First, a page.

A perfect symmetry, the suite begins and ends with sections titled “Haze”. All the rest of the sections’ titles allude to visual perceptions which could also be associated to some extent with sounds. ”Haze” starts out as a heated conversation carried out by compadres in a friendly tone. There is somewhat of an ascending/descending feel to it similar to components of a Monk song. Throughout the section Per Mathisen’s bass has a bright tone which is never weighed down so much as to prevent an organic buoyancy which is inherent in a lot of his playing. He brings a nice low end weight to the ensembles’ sound which is not the heaviness of concrete but of forethought. Weaving in and out of the first theme is Ole Mathisen’s sax. He plays flurries of notes which in rhythm and tempo depart, breaking the section’s orbit, to return to the theme just as quickly. Despite the ability to fire off quick salvos of notes, it never feels the discordance in his soloing is reduced to mere noise.
The second section “Shimmer’s” start features Tony Moreno’s subtle cymbal pulses which serve to offer up the abstracted mystery of the section. The first part is slow but not melancholy. It is the change from night to day, from clear skies to overcast. Chris Washburne’s trombone playing shows him to be forward thinking but not locked into one type of tone. He offers up a lament here which serves as both a small duet and contrast to what is going on with the sax.
The final section is my personal favorite of the suite. The trombone initially alternates between a sort of dream dog bark and something large bubbling or seeping upwards, an expanse of clouds blotting out the sun seeming all the more dramatic as it is already dusk. There are tempo changes punctuated by declamations of the sax. Cymbal and snare work in a sort of distorted waltz-march help suggest the image Mobius strip like of a thing attempting something which involves motion, Sisyphus forsaking his jazz for a new sonic hybrid. The last half of the section eschews its initial rhythm for a sped up climax, the dream done, for now.
The second suite, “Frederick Sommer Suite” was named for the selfsame multi medium artist (1905-1999). Frederick was born in Angri, Italy. While very young the entire family moved to Rio di Janero, Brazil. His father, who was a city planner, recognized a similar talent in his son who began his architectural studies very early on apprenticing with the architects Archimedes Memoria and Francisco Cuchet whose firm Escritorio Tecnico Heiter de Mello was one of Brazil’s most important. Even as a teenager he had such visual chops that his drawings received gallery showings and after only being with the firm for two years he began getting private landscaping commissions. A meeting with American businessman and amateur Horticulturalist William Gratwick Sr. served as inspiration for Frederick to go to America (1925).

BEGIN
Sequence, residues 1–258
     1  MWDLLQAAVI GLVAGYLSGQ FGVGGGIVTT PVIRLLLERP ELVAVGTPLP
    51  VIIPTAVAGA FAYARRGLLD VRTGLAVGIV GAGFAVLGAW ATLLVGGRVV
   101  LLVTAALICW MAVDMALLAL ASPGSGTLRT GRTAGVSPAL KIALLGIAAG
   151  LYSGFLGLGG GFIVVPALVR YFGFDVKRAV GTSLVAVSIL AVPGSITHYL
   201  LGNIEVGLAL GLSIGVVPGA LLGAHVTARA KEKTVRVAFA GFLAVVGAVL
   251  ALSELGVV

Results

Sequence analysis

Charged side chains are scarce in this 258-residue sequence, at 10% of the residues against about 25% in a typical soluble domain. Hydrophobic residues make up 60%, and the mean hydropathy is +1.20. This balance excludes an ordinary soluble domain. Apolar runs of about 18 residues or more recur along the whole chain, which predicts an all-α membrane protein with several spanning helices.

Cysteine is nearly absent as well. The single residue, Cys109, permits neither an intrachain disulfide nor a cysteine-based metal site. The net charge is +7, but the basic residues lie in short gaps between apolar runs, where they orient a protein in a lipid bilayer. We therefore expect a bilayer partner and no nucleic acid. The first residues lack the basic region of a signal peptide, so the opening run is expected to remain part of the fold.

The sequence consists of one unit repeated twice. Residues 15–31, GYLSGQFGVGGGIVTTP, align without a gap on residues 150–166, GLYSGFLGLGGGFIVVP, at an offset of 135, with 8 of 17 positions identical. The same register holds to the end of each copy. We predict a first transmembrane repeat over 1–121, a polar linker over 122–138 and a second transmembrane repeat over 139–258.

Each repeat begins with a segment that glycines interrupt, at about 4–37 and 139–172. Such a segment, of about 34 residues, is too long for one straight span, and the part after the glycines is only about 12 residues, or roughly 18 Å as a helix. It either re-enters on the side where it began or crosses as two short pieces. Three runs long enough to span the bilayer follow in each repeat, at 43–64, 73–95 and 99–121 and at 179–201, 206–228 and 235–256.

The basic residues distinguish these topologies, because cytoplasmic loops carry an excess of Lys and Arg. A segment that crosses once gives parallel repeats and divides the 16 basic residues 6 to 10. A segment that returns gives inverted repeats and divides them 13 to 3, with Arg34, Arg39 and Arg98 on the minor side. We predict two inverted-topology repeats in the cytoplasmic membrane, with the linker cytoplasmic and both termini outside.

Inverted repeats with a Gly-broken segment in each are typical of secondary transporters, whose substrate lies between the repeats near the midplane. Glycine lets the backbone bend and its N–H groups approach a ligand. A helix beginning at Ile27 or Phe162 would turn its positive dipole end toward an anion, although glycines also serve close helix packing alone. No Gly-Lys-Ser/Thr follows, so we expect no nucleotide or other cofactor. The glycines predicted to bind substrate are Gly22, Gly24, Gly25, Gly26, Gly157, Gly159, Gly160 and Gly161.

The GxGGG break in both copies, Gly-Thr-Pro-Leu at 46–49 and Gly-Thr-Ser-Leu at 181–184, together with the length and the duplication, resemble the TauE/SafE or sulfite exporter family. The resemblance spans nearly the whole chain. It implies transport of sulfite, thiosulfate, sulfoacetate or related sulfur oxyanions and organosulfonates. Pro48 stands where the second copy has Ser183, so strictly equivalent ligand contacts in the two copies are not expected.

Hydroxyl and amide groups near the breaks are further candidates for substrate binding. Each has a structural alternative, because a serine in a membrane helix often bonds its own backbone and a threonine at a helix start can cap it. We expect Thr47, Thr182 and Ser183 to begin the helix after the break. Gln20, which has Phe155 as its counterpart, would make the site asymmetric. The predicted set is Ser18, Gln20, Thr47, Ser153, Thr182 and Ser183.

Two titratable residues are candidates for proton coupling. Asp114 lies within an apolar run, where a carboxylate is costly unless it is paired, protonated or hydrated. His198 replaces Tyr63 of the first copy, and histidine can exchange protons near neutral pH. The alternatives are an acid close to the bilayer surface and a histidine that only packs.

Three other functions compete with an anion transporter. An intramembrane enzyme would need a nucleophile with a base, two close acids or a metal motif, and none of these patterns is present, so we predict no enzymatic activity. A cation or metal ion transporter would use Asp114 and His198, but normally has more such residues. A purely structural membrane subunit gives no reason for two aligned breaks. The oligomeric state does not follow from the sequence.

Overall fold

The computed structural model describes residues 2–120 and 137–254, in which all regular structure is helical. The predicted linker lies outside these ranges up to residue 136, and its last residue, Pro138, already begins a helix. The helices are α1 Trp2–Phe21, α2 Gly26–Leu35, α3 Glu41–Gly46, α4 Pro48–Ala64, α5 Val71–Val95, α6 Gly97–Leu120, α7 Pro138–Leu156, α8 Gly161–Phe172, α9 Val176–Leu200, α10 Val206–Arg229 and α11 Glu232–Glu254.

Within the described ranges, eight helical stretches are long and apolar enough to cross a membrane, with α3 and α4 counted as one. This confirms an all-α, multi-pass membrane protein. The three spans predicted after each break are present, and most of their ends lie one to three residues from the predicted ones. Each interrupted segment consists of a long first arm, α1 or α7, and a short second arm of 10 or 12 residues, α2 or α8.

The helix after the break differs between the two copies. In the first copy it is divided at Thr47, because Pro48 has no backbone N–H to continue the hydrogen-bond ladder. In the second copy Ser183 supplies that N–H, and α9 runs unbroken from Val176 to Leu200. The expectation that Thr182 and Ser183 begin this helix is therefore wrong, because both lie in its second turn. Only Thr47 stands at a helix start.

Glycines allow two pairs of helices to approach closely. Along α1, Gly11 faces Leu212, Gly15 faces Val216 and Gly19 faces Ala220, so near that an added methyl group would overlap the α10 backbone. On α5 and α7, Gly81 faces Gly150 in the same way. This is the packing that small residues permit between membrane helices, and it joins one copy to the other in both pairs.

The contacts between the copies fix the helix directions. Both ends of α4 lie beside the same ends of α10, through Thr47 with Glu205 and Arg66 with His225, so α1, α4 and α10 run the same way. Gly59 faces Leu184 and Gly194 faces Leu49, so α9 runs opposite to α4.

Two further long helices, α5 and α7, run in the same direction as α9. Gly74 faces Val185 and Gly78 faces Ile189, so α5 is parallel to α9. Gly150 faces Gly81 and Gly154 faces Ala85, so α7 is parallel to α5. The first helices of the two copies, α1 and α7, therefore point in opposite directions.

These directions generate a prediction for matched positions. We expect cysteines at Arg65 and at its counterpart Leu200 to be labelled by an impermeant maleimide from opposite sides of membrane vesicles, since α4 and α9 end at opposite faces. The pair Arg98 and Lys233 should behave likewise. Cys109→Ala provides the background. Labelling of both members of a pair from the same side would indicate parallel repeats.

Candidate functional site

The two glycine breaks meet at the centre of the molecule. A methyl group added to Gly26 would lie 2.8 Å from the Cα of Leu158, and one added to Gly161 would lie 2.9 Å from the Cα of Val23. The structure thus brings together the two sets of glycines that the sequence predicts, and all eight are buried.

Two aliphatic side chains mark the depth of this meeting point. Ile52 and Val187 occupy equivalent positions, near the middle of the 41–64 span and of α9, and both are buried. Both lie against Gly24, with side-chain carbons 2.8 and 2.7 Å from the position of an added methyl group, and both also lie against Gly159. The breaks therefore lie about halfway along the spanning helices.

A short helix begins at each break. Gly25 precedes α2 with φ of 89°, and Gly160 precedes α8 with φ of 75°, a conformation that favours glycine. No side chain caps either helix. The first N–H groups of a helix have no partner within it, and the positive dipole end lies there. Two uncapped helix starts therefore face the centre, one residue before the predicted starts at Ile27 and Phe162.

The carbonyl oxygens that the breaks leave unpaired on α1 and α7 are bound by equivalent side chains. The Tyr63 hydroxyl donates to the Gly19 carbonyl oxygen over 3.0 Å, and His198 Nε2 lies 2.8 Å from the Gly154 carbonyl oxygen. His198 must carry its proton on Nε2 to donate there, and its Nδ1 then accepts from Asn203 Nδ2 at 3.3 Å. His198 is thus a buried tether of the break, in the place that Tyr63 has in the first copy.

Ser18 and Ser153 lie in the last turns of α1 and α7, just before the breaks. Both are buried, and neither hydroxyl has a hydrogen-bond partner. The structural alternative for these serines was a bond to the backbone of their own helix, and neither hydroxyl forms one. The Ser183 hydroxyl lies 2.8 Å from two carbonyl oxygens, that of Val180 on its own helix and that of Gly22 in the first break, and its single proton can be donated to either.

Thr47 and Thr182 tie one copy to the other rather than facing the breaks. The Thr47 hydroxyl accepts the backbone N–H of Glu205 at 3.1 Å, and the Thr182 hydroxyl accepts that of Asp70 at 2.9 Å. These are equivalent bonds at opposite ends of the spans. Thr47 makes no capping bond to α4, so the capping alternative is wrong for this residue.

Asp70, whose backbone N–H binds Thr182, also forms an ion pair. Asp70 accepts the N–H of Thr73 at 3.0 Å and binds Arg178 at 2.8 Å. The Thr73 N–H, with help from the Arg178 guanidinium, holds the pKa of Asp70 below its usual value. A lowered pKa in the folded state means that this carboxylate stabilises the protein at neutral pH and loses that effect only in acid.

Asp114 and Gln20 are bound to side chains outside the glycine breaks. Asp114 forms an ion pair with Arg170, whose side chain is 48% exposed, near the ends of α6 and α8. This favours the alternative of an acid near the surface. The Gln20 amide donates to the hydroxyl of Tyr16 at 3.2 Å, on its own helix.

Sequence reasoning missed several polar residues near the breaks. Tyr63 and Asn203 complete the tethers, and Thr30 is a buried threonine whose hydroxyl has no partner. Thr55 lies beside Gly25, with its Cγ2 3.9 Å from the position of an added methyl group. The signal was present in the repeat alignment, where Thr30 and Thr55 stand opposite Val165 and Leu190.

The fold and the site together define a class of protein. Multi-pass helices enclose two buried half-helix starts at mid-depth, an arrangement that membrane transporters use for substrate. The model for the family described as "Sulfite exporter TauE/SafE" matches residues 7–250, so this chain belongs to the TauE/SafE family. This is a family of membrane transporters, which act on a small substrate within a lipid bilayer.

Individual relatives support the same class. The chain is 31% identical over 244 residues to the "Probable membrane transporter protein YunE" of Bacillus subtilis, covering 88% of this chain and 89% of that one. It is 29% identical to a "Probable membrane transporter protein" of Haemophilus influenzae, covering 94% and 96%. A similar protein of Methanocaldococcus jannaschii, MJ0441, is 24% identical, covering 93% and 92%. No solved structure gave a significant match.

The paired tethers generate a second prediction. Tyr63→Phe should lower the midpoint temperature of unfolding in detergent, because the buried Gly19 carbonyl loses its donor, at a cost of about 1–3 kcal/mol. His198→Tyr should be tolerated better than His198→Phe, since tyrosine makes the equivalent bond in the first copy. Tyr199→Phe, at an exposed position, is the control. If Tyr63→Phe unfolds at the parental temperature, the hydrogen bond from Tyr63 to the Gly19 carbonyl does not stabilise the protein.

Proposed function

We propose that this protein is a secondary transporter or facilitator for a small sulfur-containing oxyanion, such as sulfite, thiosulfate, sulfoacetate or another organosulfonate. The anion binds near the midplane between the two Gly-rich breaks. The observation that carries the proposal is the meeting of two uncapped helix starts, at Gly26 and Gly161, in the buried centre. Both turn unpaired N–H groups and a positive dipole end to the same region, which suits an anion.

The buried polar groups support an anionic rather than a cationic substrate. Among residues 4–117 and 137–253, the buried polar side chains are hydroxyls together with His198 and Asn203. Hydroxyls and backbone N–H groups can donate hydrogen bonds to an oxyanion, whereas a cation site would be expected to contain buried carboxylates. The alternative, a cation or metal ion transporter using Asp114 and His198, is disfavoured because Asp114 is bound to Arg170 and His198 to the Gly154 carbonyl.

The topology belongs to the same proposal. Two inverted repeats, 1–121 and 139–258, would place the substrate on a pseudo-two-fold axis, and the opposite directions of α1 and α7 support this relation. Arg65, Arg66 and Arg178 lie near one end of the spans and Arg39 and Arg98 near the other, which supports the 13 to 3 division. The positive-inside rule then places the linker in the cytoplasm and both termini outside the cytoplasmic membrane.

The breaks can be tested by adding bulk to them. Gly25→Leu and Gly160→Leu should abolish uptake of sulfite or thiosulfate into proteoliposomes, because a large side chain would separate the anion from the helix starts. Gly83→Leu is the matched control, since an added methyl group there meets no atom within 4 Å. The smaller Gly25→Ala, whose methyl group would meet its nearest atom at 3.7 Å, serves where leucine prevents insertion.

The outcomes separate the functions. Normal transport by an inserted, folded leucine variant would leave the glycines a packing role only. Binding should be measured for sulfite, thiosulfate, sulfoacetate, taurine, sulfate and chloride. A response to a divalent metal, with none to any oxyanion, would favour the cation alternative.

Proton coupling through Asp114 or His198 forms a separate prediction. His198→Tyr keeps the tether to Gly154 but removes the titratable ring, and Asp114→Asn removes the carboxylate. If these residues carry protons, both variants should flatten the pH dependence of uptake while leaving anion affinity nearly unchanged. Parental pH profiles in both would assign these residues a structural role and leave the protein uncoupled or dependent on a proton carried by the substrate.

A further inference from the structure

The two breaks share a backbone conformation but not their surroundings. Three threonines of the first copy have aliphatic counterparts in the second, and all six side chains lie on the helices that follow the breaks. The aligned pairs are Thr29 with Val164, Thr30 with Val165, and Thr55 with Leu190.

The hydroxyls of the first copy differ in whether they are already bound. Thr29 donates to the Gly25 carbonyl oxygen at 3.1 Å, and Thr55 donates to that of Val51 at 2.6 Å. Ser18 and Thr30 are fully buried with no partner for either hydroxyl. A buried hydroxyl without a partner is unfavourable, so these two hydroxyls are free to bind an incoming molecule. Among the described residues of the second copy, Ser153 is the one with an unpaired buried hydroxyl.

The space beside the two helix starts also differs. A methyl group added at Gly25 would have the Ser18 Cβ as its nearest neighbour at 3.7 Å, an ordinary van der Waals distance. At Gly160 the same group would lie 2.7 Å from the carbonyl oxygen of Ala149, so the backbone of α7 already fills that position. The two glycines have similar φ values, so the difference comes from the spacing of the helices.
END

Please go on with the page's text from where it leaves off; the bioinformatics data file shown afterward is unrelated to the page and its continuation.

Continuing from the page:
After making the acquaintance of the Chairman of the Landscape department at Cornell University, Edward Gorton Davis, William served as his assistant for a year before enrolling as a graduate student. While at Cornell he met his future wife Frances Elisabeth Watson and delved deeper into various modernist theories. By 1927 he received his Master of Arts degree in landscape architecture. He returned to Rio alone to form a firm with his father receiving many consultant commissions for various parks in Rio, Curitiba, Parana and Salvador. Now with reputation and pedigree cemented in, he returned stateside to marry Frances after which they both moved back to Brazil.
A lung hemorrhage lead to the discovery of tuberculosis (1930) and a trip to a sanatorium in Switzerland. It is while taking his rest cure he first begins to experiment with photography not to capture the end result of a commission but as an artistic medium unto itself.
After treatment first his wife, then a few months later, Frederick would go to Tuscon, Arizona whose dry steady weather would be ideal for his condition. Unlike some of his European artistic peers who emigrated or visited America, Frederick traveled the country extensively. The state of Arizona hired Frances as a social worker and she did her training at The University of Southern California which enabled them to move to Los Angeles. It was while in Los Angeles that Frederick saw composer drawn musical scores in a library. He felt that there was a direct correlation between the visual patterns and their appeal to the music contained within the body of a written out score. Although he himself had no musical training, he began writing his own scores based only on his invented theory of visual score logic. It is said that utilizing his theory he could look at a written score and know who the composer was.